Another thing to note is that my pistol holster was a tad tight so after contacting Overton he advised me to purchase a can of non-corrosive Teflon spray to go inside the holster itself. After that, a clean presentation to and from the holster occurred. I had no issues regarding friction with the rifle/pistol mag holders, and the pistol mag holders actually have a tension screw for the user’s desired preference. I work for an executive protection firm in the greater Boston area and concealment with the LPS in a suit worked flawlessly as expected. Again, the Blowout Kit was not attached because of the added overall width, but obviously abroad in an actual high threat environment that wouldn’t be of too much of a concern.

Overall, if you’re a private security contractor overseas with less than par gear, in the Law Enforcement or government capacity, or even an everyday civilian that wants different options to carry concealed or to the range for classes you should take a gander at High Threat Concealment’s Low Profile System™.  With HTC’s adaptable, functional, multi-purpose and quality driven rig, there is no other answer to be able defend your team, your principal, yourself or even your loved ones when the call needs to be answered.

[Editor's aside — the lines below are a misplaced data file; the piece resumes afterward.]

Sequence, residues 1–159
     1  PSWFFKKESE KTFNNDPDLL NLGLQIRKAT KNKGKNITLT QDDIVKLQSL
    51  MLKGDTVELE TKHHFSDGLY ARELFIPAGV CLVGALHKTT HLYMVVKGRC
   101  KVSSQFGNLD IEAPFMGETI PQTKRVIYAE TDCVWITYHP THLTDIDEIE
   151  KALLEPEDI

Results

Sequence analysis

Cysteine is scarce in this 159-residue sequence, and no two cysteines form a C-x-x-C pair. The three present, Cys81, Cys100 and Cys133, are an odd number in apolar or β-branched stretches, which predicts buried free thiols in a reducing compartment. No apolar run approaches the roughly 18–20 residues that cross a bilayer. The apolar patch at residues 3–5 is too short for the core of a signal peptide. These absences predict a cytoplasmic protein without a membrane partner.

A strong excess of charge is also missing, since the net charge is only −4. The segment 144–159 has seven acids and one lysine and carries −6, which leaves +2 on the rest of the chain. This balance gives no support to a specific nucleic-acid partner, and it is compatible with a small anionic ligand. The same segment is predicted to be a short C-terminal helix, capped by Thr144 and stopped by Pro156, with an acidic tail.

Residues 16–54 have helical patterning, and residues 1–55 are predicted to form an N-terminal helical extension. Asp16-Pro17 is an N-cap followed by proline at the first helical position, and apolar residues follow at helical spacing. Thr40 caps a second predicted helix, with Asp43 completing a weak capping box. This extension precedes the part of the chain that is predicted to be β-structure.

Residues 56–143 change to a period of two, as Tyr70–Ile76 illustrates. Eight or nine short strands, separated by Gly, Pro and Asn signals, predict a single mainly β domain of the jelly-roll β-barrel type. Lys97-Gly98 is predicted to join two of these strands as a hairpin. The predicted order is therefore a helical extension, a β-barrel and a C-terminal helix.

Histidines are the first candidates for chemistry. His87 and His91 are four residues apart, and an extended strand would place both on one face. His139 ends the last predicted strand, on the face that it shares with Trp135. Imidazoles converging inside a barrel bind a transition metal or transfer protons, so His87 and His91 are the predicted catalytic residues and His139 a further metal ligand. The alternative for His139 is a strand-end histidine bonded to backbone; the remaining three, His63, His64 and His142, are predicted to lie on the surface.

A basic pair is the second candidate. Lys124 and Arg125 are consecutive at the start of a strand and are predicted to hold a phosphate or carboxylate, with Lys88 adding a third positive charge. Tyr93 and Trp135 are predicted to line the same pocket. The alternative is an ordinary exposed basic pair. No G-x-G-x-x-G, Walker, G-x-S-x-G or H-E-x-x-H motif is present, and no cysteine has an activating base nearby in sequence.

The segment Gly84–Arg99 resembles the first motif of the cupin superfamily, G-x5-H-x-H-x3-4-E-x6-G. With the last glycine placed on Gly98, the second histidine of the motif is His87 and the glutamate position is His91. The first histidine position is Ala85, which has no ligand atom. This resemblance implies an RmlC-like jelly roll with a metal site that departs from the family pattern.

8 Responses to High Threat Concealment Low Profile System

  1. TK June 21, 2013 at 7:22 am #

    Looks like a pretty amazing system, very thorough write up. I had never heard of HTC, so thanks for sharing!

    It looks like the LPS does NOT come with a belt though, is that correct?

  2. french4615 June 21, 2013 at 8:34 am #

    Very good post, with a lot of information. I had not heard of the HTC system prior to this, but will look at it ASAP. Thanks for the Heads up.

  3. M. Porter June 21, 2013 at 4:05 pm #

    The system does come with a belt.

  4. Ian June 23, 2013 at 2:52 pm #

    Negative, belt is sold separately from the LPS

  5. GenoTac June 26, 2013 at 1:29 am #

    Sound like a great idea, but it will have to be custom buldings per body style, but the good think is that you can take them apart.

  6. Jake March 10, 2015 at 4:19 pm #

    It’s a shitty system. Holster is incredibly too tight. Would not buy this at all.

  7. JM March 16, 2015 at 8:03 am #